Scumbling – is a technique when light layers of pastels are added to an area to create a sense of depth.
Soft Pastel Tips
The tips outlined below can also be used with hard pastels, pan pastels, and pastel pencils. Some techniques might also be applied with oil pastels.
Before you start drawing with pastels, you must purchase the right paper for your pastel drawing.
A smooth surface works well for a pastel painting that does not require many layers.
A rougher surface like PastelMat works well for adding multiple layers. The different textures will provide different results, making sure you purchase the right pastel paper for your project.
- Start with a light sketch of the subject.
- Add light layers of pastel and add layers as you go.
- Add the midtones to the subject first, then add the lighter and darker details.
- Spay the drawing with a fixative to add more layers to the drawing. Use fixative carefully because fixatives can darken pastels.
- Protect the finished drawing with glass or glassine paper.
Top Selling Soft Pastel Sets
The main difference between oil pastels and the other main types of pastels is the different materials used for the binding. Oil pastels contain a pigment for the color and an oil or wax binder.
Oil pastels work well on different surfaces, including paper, wood, glass, plastic, and canvas. Oil pastels have a similar characteristic to crayon or oil paints.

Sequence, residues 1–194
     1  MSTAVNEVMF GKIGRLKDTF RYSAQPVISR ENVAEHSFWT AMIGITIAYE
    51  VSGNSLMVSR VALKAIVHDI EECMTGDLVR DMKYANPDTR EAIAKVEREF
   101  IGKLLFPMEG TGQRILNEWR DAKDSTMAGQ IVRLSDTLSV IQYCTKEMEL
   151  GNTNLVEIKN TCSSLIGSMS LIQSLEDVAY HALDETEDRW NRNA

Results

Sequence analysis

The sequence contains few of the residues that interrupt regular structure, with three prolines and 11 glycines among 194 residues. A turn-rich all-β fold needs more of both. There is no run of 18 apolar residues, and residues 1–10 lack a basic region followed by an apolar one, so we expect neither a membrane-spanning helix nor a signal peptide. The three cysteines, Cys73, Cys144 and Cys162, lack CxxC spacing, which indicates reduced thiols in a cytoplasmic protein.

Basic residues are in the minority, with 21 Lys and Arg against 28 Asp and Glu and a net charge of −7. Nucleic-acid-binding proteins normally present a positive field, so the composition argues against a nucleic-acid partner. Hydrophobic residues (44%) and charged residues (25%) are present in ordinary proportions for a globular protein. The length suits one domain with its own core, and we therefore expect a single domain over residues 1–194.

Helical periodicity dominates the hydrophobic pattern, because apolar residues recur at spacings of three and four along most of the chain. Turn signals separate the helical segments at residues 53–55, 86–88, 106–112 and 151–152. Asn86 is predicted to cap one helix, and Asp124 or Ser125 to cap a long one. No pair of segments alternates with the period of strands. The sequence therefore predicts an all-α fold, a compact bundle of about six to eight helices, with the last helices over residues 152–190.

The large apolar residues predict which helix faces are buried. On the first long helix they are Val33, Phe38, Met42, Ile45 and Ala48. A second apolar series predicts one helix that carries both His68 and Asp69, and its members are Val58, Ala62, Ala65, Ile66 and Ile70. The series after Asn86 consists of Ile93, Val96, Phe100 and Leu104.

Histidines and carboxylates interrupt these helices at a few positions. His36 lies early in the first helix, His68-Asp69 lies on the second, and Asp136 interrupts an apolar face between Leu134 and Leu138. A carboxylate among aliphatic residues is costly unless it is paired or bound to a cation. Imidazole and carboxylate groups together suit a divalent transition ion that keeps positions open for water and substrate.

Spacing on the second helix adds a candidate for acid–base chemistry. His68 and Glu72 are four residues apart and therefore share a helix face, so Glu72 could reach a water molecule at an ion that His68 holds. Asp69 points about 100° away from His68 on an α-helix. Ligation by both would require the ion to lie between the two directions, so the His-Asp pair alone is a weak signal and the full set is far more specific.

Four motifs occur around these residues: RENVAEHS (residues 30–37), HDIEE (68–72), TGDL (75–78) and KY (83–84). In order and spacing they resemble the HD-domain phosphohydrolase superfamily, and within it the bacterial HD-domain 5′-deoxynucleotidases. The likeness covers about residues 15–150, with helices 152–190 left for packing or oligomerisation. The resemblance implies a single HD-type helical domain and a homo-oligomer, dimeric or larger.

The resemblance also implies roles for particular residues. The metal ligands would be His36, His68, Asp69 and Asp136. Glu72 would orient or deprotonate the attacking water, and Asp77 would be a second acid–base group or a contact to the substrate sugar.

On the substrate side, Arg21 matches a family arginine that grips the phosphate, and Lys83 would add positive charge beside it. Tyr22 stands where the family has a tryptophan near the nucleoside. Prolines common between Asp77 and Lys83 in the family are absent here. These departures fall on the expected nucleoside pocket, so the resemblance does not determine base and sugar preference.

The main difference between oil pastels and other pastels is that oil pastels do not blend as easily as soft pastels because of the different binders. Another difference is that oil pastels can not be layered as much as other pastels.
Various techniques can be used with oil pastels to create expressive art, landscapes, still life, etc.
Oil Pastel Techniques
- Start with a loose underlayer of the midtones and layer highlights and shadows on top.
- Slowly build up layers
- Define edges with a background.
Top Selling Oil Pastel Sets
- Caran d’Ache Neopastels
- Sakura Cray-Pas Expressionist Oil Pastels
- Sargent Art Artists’ Oil Pastels
- Van Gogh Oil Pastels
Hard pastels use the same binders as softer pastels. The only difference is that harder pastels use more binders which is perfect for more detailed work because it is easier to sharpen to a fine point.
Many artists use a combination of soft pastels and hard pastels for their pastel paintings. The soft pastels are used for intense colors, and the hard pastels are used for fine lines and highlights.
The general rule is that soft pastels are used for the underlayer and backgrounds, while hard pastels are used for details.
Pastel pencils are like soft or hard pastel held together with wood, just like a graphite pencil. Pencil pastels work well finer details but not as well for larger areas.
Pan pastels are a powdery pigment that is applied to a surface with a sponge-like applicator. Larger areas can be covered quickly with pan pastels and blend very easily.
Final Thoughts On Soft Pastels vs. Oil Pastels
Pastels are an accessible medium for creating art. The wide variety of pastel colors make them the perfect choice for creative minds.
Deciding on which pastel is best for your artwork is more of a personal preference.